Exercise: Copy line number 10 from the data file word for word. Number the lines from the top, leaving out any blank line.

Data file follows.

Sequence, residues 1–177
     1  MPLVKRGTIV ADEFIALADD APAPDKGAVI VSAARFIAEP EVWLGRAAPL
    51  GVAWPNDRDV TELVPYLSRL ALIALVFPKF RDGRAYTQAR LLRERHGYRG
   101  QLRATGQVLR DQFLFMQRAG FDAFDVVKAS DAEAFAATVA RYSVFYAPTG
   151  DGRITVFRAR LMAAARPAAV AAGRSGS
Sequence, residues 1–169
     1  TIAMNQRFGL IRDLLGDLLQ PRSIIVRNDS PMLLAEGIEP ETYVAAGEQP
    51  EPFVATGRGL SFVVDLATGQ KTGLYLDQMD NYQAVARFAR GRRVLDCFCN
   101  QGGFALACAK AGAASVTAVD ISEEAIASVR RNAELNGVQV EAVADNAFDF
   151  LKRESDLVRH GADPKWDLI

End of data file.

   151  LKRESDLVRH GADPKWDLI